COVID-19 pandemic and closure[edit]

In March 2020, Therapy again closed down when New York State nightlife venues were ordered to shutter due to the COVID-19 pandemic.[7] The venue's co-owner, Tom Johnson, said he opted not to offer outdoor dining or to-go drinks when those services became permissible because doing so would have brought in only 30–40% of the usual revenue, which would not have been sufficient to compensate staff.[1] He also said that operating at half-capacity to abide by social distancing regulations would leave the establishment unable to cover operating costs.[10] Citing these and other financial difficulties, Johnson announced in July that the bar would likely remain closed for good.[7] Eater New York reported that "Johnson holds a glimmer of hope for Therapy's revival but isn't sure if the financial fallout from the pandemic will allow it". He told the publication, "It's great if people want to come together and invest in Therapy at some point ... I want nothing more than for all of this to go away, but I don't see that happening anytime soon."[7]


In his 2015 list of "the best gay bars in Hell's Kitchen" for Time Out New York, Ethan LaCroix wrote, "Drinks like the Freudian Sip (Ketel One Citron, fresh ginger and lemonade), served in a nice big tumbler, are sure to leave you feeling blissfully worry-free at this cocktailcentric space. But it's the impressive venue that draws young neurotics."[3] A review by Gothamist staff reads, "Therapy is the quintessential Hell's Kitchen hot spot and it has it all: comfort food, dancing, two levels and polite cocktail servers. Just avoid the nasty DJs, who DO NOT make any song requests! ... It's a spacious venue with an easy crowd; I'm always pleased to be invited there."[5] In their 2019 list of "the 16 best LGBTQ bars in New York City" for Thrillist, Melissa Kravitz and Kyler Alvord said of the bar:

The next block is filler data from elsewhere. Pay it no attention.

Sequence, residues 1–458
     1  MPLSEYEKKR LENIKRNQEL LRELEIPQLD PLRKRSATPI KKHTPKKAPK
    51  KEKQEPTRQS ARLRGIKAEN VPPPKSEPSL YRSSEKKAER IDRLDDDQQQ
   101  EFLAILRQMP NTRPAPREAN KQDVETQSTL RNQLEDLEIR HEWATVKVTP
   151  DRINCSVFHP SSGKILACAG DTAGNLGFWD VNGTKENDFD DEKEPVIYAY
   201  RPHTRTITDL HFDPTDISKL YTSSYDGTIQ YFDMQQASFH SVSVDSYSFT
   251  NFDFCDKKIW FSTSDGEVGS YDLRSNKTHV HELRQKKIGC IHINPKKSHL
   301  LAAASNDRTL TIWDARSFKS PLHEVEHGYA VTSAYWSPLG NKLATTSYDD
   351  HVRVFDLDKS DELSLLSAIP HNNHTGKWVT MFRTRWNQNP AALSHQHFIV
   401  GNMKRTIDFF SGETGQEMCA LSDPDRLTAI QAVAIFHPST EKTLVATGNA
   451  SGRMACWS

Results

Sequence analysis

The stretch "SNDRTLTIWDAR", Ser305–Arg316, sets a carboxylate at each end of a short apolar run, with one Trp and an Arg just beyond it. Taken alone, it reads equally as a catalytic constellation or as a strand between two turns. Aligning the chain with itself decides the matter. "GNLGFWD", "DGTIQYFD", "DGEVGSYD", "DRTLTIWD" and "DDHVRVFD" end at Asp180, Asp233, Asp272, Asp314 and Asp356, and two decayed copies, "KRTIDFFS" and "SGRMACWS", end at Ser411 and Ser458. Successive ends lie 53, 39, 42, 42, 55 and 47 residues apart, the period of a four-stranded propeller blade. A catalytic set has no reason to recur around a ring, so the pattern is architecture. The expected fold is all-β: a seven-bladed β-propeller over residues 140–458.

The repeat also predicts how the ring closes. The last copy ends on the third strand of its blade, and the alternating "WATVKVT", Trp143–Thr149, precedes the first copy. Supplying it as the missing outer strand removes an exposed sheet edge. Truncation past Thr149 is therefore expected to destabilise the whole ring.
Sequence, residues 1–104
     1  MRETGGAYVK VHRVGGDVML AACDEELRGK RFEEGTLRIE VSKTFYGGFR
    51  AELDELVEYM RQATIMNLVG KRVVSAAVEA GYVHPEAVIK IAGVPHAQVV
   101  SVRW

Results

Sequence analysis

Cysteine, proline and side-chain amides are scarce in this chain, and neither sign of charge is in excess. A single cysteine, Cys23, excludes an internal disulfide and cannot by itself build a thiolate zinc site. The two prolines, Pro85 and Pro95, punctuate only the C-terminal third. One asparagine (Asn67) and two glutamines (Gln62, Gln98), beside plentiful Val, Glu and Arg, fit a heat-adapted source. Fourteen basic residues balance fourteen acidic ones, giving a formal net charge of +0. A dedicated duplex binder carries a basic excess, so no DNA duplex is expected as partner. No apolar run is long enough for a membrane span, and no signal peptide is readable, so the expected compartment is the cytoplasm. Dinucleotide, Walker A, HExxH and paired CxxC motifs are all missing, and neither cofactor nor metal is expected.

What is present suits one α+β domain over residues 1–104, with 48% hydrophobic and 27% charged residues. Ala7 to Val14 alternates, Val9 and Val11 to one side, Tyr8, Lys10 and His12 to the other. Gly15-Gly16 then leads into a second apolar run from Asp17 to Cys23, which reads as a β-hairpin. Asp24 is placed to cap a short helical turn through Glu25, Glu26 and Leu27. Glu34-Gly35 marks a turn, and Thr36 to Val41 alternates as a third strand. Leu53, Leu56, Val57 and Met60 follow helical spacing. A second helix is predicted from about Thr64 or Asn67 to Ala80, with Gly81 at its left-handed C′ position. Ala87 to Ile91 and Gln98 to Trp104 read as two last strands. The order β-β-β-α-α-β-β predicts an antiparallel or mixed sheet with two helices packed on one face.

This may not be the best Therapy for social anxiety, but if you're soothed by Absolut-forward cocktails in plastic cups and hundreds of sweaty guys pressed up against you, start your treatment at this HK lounge. DJs, live music, and drag entertainment make this place a party nearly every night of the week. Visitors here have planned a night out and are laser-focused on fun.[4]

See also[edit]


  1. ^ a b c Krisel, Brendan (2020-07-21). "Therapy, Gay Bar Favored By 'Drag Race' Contestants, To Close". Patch. Archived from the original on 2020-07-30. Retrieved 2020-07-30.